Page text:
Artists Circle Confronts Climate Displacement and Just Recovery

by | Mar 22, 2023

Artists Circle Confronts Climate Displacement and Just Recovery
Cover of Climate Refugees report

Since 2008, an annual average of 21.5 million people have been forcibly displaced due to climate disasters. As storms, wildfires, droughts and extreme temperatures continue to increase in frequency and severity, this number is projected to rise. By 2050, experts predict  that roughly 1.2 billion people could be displaced globally due to the climate change crisis.

However, the world’s current leaders have paid insufficient attention to the role of the climate crisis in driving and exacerbating the displacement of people around the world.

“It is going to take artists to think about how we change our approach to this issue,” says Evan Bissell, former Arts & Cultural Strategy Coordinator for UC’s Othering and Belonging Institute.

Inspired by a 2019 Othering & Belonging Institute report called “Climate Refugees: The Climate Crisis and Rights Denied,” a UC Berkeley institute invited six experienced BIPOC artists to form an artist circle on climate displacement. Artists Alia Farid, Eli Jacobs-Fantauzzi, Jayeesha Dutta, Lizania Cruz, puck lo, and Michael Premo joined the artist circle in May 2019. For over six months, the artists met virtually to share their work, stories, and visions in addressing the challenges of climate displacement.

“The workshop opened up a lot of questions about accountability that the report did not get to,” says Bissell.

Artists often push against the linear process of storytelling and the hero-savior complex embedded within Western culture, says Bissell, describing some of the topics of circle discussions.

Eli Jacobs-Fantauzzi, one of the six artists, explained that non-extractive storytelling can be a powerful tool in advancing just recovery, a model centered on frontline communities’ ability to respond, recover and rebuild from climate disasters.

Eli Jacobs-Fantauzzi. Photo: OBI

Eli Jacobs-Fantauzzi. Photo: OBI

“I am an artist, filmmaker, curator, and I tell stories,” said Jacobs-Fantauzzi. “I’ve been on a journey [exploring] just storytelling.”

As a member of the Puerto Rican diaspora, Jacobs-Fantauzzi checked in on his family in Puerto Rico after Hurricane Maria. 

“I wanted to get to the island quickly,” says Jacobs-Fantauzzi. “I brought a solar generator, small projector and speakers.”

Shortly after arriving back on the island, Jacobs-Fantauzzi decided to stay for the longer-term and began working on a documentary film which follows a group of youth from Comerío, Puerto Rico fighting for a just recovery post Maria. That film, We Still Here/Nos Tenemos, played at The New Parkway theater in Oakland on October 16, 2022; it will play in Lajas, Puerto Rico on March 25, 2023.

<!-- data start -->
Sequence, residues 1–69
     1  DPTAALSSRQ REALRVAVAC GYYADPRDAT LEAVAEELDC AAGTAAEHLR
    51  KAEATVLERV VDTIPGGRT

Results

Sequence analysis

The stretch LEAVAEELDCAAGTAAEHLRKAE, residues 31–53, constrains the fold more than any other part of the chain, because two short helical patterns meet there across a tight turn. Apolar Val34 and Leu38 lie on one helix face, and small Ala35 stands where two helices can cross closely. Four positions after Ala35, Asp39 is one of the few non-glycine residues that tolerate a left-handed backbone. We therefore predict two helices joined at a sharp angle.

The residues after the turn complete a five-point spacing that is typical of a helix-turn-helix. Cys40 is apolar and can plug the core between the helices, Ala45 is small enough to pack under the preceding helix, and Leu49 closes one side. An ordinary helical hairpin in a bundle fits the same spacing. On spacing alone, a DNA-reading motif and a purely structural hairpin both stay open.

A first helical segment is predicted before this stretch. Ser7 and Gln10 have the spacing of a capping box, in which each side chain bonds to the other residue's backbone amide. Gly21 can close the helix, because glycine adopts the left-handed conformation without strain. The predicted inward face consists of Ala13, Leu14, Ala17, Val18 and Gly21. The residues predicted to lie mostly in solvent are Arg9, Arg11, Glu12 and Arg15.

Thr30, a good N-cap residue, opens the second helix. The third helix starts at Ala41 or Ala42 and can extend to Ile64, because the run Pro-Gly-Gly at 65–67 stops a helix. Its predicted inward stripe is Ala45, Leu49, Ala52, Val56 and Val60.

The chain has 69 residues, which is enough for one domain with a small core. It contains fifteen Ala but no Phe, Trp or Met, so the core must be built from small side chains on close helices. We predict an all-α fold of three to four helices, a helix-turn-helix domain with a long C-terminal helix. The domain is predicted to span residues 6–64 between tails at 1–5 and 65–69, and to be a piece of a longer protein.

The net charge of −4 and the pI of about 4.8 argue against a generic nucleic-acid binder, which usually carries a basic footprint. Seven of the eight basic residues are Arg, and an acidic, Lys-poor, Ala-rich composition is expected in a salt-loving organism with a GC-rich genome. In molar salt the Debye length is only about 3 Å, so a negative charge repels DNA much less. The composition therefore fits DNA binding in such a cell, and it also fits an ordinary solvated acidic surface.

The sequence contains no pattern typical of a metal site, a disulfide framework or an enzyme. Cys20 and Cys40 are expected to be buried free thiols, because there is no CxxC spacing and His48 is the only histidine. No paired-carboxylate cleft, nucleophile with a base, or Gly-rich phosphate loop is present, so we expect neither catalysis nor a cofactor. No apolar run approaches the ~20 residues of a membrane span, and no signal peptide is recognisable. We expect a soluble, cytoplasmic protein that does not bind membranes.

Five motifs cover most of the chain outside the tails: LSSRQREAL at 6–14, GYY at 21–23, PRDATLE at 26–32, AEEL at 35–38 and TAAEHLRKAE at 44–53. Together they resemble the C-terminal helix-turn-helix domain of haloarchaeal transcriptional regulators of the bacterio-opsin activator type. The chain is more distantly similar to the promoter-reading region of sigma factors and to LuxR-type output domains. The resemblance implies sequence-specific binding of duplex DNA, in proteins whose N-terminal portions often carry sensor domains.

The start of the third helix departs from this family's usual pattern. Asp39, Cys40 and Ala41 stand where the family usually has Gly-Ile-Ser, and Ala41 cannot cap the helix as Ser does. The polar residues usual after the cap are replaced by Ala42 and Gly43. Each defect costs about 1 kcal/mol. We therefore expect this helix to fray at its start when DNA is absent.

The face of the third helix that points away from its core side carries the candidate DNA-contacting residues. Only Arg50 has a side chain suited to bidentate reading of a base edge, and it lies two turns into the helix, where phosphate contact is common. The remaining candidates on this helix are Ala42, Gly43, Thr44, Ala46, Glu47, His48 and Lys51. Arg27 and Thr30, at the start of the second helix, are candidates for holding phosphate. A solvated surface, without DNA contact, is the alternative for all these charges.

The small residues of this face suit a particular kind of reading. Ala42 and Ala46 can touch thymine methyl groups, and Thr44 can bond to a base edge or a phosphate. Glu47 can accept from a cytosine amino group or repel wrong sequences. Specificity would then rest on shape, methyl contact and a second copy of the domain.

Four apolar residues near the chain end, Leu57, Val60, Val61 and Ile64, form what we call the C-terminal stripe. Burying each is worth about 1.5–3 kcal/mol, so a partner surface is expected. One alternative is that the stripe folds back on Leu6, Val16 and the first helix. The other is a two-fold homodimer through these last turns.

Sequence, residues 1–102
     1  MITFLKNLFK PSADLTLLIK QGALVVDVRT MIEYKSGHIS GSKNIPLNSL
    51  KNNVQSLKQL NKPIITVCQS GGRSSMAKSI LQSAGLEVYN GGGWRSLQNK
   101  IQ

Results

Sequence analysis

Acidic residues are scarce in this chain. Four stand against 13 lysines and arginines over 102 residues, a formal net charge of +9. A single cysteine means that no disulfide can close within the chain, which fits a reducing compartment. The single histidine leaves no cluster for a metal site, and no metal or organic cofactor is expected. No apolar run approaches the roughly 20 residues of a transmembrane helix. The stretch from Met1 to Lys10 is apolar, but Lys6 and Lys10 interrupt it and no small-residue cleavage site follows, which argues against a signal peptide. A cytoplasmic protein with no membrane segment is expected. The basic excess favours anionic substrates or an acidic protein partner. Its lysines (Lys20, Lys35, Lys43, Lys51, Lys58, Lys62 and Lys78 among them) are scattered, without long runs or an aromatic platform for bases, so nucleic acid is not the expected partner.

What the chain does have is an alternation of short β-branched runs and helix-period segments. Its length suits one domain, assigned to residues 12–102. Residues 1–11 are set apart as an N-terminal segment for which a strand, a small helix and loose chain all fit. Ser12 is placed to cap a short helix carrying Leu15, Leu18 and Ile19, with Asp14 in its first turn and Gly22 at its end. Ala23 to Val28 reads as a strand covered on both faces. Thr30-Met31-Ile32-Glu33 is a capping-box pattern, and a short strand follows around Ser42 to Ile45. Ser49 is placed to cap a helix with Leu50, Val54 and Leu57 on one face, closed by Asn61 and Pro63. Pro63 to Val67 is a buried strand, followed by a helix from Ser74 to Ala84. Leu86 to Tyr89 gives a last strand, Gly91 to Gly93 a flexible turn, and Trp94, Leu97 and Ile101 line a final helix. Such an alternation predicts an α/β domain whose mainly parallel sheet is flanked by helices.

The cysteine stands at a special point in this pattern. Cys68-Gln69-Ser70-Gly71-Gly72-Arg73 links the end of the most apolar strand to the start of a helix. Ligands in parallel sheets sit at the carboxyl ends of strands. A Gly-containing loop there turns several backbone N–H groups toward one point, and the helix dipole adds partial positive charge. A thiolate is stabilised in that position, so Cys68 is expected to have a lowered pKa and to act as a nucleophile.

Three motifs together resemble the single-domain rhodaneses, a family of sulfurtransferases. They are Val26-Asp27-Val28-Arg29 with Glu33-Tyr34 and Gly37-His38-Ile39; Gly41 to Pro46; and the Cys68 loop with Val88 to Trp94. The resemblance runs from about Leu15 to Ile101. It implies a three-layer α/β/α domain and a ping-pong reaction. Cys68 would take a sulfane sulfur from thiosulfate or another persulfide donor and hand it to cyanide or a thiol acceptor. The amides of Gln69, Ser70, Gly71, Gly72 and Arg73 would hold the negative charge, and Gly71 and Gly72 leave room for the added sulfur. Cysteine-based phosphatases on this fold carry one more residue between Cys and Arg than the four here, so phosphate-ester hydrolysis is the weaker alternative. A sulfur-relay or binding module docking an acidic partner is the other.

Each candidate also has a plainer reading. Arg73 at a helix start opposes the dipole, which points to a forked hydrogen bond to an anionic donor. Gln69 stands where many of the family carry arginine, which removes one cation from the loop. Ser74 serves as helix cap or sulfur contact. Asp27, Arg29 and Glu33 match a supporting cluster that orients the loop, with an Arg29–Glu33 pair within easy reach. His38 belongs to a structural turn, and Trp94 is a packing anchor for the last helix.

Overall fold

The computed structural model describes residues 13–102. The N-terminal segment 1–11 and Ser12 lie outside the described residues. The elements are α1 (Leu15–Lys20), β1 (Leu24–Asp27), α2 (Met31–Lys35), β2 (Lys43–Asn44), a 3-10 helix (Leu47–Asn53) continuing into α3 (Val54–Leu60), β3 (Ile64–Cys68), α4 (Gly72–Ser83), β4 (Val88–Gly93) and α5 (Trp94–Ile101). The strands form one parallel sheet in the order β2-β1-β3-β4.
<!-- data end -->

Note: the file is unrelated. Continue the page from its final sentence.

WSH Poster

Along with documenting the impacts of the hurricane on his family and community members across Puerto Rico in “We Still Here/Nos Tenemos,” Jacobs-Fantauzzi explained that he brought the generator to start a solar cinema project run on solely solar power. While in the artist circle, Jacobs-Fantauzzi did not have electricity and was able to also use the generator to get online and join the virtual community of artists.

“Being a part of this first cohort when COVID restrictions were really strict was really inspiring.” says Jacobs-Fantauzzi.

Like Jacobs-Fantauzzi, Alia Farid, a visual artist of Kuwaiti and Puerto Rican descent, drew inspiration from the artist circle and expressed how important it was to be a part of the cohort.

“Learning about the work of Elsadig Elsheikh was one of the highlights for me,” says Farid. Elsheikh is the Director of the UC Berkeley Global Justice Program.

Farid shared that she also enjoyed a discussion with Yumna Kamel, one of the speakers in the circle, about “policy advocacy to address climate displacement and strategies to bridge the gap between art and policy making.”

Alia Farid. Photo: OBI

Alia Farid. Photo: OBI

Last year, two works by Farid were featured at the 2022 Whitney Biennial. Currently, Farid is developing a film and artist’s book that emotively respond to the impact of extractive industries, such as mining, oil and gas, on the land and social fabric in southern Iraq and Kuwait. 

As Jacobs-Fantauzzi reflected on the circle, he shared that he is inspired to continue contributing to the movement of just storytelling and to learning from art that confronts climate displacement and visualizes the path toward a more hopeful, just future.

“It is necessary for all of these communities who are experiencing climate displacement to have the tools to know how to tell their own stories,” he says. “How can we get them the resources to do that?”